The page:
The poem is fourteen lines, but not a sonnet, but acts like one. There's no definite rhyme scheme or iambic pentameter, but there seems to be a volta in the poem like an Italian sonnet. But then again, this poem plays out as a narrative -- a slightly humorous, retrospective narrative.
Why state this is humorous? I've reread this poem many times trying to grasp it, but I didn't give it time to sink in. The aspect of this poem that caught my eye was how overblown the simile is:
So long I have been carrying myself
Carefully, carefully, like a small child
With too much water in a real glass
Clasped in two hands, across a space as vastAs living rooms,
The poem first introduces the speaker self carrying this sort of burden. What, we don't know, and this adds to the humorous aspect. Then the simile comes in of "a small child / With too much water in a real glass / Clasped in two hands." First, the internal rhyme scheme of "glass" and "clasped" and the special attention that the child is holding a "real" glass brings an overly detailed aspect -- perhaps referring to a paranoia which becomes overblown in the next couple of lines
[...] across a space as vast
as living rooms, while gazes watch the waves
That start to rile the little inland sea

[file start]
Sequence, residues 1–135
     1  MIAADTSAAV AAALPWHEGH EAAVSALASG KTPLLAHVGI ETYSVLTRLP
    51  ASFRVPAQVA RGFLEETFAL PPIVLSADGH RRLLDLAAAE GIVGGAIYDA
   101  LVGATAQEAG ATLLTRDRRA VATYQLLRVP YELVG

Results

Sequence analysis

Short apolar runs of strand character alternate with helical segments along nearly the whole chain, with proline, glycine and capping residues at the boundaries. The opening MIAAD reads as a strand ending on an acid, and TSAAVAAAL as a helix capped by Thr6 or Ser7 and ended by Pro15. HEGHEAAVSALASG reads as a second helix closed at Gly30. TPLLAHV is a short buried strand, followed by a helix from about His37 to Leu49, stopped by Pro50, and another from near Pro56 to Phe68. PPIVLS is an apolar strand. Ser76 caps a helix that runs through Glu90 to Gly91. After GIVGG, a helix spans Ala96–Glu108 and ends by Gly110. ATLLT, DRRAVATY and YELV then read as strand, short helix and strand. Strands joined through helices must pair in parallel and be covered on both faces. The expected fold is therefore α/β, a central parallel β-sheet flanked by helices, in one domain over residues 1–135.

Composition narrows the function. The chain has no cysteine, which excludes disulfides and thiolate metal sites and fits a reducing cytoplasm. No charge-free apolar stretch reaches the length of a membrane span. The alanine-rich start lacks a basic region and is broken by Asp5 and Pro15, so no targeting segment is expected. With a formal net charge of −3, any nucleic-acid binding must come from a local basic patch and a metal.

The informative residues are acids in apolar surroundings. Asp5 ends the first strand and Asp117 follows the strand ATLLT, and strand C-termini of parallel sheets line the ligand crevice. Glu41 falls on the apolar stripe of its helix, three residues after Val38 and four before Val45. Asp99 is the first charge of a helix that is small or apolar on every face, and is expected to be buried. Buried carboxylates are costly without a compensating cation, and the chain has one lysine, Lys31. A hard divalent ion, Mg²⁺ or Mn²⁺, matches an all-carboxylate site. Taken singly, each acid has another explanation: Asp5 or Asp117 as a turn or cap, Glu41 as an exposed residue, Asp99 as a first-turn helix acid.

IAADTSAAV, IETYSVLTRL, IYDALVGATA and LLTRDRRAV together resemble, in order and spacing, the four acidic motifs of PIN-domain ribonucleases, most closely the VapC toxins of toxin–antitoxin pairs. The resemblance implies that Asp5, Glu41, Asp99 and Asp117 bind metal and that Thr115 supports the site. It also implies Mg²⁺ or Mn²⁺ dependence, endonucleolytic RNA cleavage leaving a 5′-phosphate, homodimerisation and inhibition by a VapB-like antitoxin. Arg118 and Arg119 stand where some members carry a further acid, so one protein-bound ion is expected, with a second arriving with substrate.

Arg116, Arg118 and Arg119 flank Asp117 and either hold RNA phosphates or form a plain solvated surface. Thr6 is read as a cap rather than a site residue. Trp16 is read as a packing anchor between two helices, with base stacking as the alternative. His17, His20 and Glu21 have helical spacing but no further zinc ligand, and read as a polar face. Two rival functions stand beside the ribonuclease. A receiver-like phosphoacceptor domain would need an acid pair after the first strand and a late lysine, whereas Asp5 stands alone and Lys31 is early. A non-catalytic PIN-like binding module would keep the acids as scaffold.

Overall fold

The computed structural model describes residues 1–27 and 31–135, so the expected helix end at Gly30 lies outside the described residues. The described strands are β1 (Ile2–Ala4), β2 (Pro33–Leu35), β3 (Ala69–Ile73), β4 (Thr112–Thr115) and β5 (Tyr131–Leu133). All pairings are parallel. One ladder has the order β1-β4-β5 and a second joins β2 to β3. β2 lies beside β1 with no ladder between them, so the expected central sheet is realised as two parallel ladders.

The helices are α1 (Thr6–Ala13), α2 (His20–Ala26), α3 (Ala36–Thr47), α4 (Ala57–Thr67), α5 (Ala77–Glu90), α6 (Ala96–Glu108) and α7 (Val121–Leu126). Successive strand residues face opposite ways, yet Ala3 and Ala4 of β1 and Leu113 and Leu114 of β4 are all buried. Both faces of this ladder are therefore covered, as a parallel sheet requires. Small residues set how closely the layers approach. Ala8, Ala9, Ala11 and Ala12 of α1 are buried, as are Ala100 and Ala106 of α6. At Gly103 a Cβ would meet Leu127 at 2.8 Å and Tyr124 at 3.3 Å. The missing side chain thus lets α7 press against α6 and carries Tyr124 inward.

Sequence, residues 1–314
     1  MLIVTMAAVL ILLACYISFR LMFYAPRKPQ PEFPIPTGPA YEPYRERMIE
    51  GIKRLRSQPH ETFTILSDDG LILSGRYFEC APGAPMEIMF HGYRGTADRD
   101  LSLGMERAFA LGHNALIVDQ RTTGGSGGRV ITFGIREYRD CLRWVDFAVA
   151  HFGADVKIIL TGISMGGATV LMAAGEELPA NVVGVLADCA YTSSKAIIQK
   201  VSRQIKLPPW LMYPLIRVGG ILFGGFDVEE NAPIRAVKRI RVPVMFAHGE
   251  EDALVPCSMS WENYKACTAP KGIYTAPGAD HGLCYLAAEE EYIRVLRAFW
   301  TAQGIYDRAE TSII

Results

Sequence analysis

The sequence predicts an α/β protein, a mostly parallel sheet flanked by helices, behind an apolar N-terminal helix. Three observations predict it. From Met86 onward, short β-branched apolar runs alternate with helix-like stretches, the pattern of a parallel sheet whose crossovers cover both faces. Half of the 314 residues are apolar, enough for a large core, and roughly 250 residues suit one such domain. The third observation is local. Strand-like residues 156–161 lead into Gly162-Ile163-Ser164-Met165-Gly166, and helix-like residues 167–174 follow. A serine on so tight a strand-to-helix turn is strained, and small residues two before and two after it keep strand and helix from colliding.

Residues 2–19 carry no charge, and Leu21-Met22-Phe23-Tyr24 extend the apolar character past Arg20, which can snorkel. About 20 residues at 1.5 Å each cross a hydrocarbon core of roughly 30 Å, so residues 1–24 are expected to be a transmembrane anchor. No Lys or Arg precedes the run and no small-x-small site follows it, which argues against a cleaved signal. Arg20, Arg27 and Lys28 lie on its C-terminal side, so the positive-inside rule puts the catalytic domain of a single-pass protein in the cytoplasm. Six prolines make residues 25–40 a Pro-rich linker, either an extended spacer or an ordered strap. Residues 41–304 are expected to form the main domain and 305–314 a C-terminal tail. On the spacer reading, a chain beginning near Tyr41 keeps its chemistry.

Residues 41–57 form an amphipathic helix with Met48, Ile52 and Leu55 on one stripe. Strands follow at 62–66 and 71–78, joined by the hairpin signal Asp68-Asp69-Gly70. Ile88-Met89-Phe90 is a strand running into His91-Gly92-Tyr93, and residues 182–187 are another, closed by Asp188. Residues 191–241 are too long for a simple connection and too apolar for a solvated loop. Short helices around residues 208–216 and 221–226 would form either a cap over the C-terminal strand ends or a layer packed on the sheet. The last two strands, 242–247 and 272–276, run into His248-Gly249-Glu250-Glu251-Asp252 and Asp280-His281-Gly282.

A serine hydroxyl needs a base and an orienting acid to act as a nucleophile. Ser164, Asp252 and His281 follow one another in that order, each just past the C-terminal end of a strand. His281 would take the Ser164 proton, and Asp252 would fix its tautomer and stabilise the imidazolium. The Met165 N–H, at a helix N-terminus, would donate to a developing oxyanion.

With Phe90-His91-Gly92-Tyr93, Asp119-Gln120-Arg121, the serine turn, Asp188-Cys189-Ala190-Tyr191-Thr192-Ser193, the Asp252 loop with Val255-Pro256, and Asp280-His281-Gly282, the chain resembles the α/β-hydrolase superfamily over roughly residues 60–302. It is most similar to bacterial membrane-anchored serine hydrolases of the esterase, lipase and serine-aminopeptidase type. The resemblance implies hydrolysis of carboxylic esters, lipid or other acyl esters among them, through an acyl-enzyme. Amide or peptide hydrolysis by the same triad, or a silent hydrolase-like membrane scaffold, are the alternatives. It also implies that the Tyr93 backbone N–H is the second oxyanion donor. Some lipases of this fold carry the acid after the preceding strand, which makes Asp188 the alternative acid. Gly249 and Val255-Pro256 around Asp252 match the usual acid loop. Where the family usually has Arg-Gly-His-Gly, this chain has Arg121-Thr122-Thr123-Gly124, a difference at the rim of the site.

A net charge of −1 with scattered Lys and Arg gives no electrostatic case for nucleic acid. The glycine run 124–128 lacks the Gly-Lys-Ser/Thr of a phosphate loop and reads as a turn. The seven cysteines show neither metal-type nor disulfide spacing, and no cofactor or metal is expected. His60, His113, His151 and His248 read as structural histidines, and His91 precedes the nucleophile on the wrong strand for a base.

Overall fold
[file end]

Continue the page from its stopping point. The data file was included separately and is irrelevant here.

And slap against its cliffs' and transparency.
Note that the rhymes come fast and punctuated, "glass" and "vast," and "sea" and "transparency." It seems like the speaker is trying to keep it together the most simplistic way possible. Also note it's just a "real" glass filled with water being referred to here -- not so much a big storm. But this is the point, I think, in the poem -- is that the speaker is aware of this as humorous and the actual core of the poem is in the eighth and ninth line "Revise and meet, double their amplitude, / Harmonizing doubt from many ifs."
The symbols are revealed -- doubt and the revision of doubt adding up. I don't know if this refers to the actions or the end result of "carrying myself." in any case, the speaker adds tension with the lines. "Distant frowns like clouds begin to brood. / Soon there is overbrimming. Soon the child." With these lines, the speaker is deflating his own imagery -- as though to let go of the anxiety as the simile of the child's narrative ends with:
[...] Soon the child
Looks up to find a face to match the scolding,
And just as he does, the vessel he was holding
Is almost set down safely on the bookshelf.
To me, there's a lot going on with these lines that are heartbreaking. First, to reassure the speaker, the metaphorical child finds something -- which is actually a someone -- that scolds him as much as the speaker seems to scold the self. The second is the last line with the key word being "almost" -- by "almost" setting down the glass safely on the bookshelf, it seems that the doubt or paranoia is assuaged for now. Until it rises up like the waves that start to rile the little inland sea.